Hydrogen production from biogas

Produção de hidrogênio a partir do biogás

How is hydrogen produced from biogas? See how the procedure takes place and understand its importance in the decarbonization of the industrial sector.

How is hydrogen produced from biogas? Hydrogen has great potential in the future to become a clean energy source. However, to date, its production is responsible for around 830 million tons of CO2 emissions per year, due to the use of natural gas and coal in the energy generation process.

Since the 1970s, when there was the oil crisis and soon after in the 1990s, when climate concerns began to emerge, hydrogen began to be explored as an energy alternative. But with the reduction in the price of oil and the emergence of other more viable alternative sources, such as wind and solar sources, investments in this model were in the background.

Investments in hydrogen generation

Currently, the world production of pure hydrogen is around 70 million tons per year and it is used in oil refining and ammonia production for fertilizers. In addition, an additional 45 million tons are produced each year as part of a mixture of gases and used to produce methanol and steel.

Hydrogen can be produced directly from water by electrolysis, considered to be the cleanest option to obtain the element through a primary source. However, the high cost process prevents the option from being explored, a fact that also has to do with the competitiveness of renewable energy. Therefore, currently, almost all the element in use was generated from the steam transformation of methane or the gasification of coal, which is responsible for the generation of tons of GHGs.

Now, the International Energy Agency (IEA) believes that hydrogen can be an essential part of achieving the decarbonization goals, so fundamental to achieving the goals of the climate agreements. However, it is noteworthy that plans to reduce carbon dioxide emissions become complex in sectors such as aviation, maritime transport, iron and steel production and the manufacture of chemical products. In this sense, hydrogen can be a solution to generate cleaner energy.

Hydrogen is divided into color categories, according to its means of production. Brown hydrogen is created through the gasification of coal; gray with a process from natural gas; the blue with carbon and GHG capture and storage in the creation of gray hydrogen. Finally, green hydrogen, called the fuel of the future, is 100% sustainable and a big bet for these sectors.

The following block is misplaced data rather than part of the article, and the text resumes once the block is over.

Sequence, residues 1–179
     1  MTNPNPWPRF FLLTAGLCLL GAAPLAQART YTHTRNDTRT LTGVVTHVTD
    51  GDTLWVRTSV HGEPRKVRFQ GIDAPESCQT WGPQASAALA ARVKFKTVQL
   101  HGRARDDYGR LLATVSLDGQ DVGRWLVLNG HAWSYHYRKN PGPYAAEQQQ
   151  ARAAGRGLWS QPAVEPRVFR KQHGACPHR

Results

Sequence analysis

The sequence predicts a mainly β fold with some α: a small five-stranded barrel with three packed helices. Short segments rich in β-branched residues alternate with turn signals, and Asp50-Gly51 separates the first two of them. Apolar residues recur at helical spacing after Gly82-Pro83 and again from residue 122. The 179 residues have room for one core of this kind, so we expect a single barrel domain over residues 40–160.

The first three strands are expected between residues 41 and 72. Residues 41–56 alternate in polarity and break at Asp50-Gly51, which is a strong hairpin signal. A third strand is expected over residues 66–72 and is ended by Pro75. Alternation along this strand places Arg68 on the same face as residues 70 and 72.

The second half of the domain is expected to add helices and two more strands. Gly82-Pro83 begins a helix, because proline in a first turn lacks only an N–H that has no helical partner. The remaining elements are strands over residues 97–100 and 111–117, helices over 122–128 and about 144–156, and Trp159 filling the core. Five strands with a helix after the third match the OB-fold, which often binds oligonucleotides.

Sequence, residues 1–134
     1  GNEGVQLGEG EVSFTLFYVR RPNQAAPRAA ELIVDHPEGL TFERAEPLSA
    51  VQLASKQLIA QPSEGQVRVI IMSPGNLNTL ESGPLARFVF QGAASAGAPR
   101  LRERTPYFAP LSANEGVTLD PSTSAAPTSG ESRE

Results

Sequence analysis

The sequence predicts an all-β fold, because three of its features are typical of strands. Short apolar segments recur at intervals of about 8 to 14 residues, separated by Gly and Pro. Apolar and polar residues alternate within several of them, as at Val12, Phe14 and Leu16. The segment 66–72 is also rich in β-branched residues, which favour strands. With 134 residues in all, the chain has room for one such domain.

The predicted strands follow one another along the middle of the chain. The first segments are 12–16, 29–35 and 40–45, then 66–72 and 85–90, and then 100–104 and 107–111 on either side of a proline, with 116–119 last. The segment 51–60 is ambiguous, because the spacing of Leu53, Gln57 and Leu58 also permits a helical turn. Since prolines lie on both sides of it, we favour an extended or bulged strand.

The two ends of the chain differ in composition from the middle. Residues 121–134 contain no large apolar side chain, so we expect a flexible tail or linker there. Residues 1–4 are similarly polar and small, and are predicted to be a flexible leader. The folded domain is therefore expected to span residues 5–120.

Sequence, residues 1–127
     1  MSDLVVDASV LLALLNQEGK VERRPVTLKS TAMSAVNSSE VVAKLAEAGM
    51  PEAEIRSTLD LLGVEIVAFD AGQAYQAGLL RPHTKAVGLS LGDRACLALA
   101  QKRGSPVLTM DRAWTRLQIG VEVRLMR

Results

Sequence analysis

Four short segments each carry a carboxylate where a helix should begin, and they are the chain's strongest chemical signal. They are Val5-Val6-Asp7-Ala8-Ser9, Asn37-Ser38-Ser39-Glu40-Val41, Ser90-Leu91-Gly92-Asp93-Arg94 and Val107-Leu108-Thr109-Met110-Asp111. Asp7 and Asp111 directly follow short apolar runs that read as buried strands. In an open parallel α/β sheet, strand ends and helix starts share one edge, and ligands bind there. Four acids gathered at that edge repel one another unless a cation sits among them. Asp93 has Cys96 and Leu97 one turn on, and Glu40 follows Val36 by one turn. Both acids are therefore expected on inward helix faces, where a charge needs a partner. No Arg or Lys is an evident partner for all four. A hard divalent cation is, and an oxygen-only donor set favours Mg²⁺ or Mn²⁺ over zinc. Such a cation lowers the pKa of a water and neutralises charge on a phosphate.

How is hydrogen produced from biogas?

Biomethane is produced through biogas and the objective is to be able to generate hydrogen from this gas on a commercial scale. Hydrogen is an abundant element and can be obtained from different sources, fossil or renewable. Among the renewables is biomass, which is the raw material for obtaining biogas. In a purification process, biomethane is obtained, which when processed correctly also produces hydrogen.

In biogas there is hydrogen sulfide (H2S), which is a highly toxic substance that can be deadly to humans. In biogas, this concentration varies between 20 to 20,000 ppm (mg/m³) of hydrogen and the substance arises from animal substrates, plant crops and organic solid waste and sewage. So, in order for hydrogen to be extracted, the sulfide needs to go through a process of removal, so that the energy is used.

Then, the process starts in the biomass, going through the anaerobic digestion that generates the biogas. Then, with steam reforming or partial oxidation, hydrogen is extracted. In this type of application, hydrogen can be used in the vehicle sector as fuel, generating internal combustion. It also has high efficiency and can be used to generate electricity and heat due to the energy generated in the combustion process.

Therefore, as a large biomass producer, Brazil has a strategic advantage in this regard. In an optimistic future, there are great chances for boosting green hydrogen, if the sources derived from biogas are enough to be popularized for other alternatives to emerge with more visibility.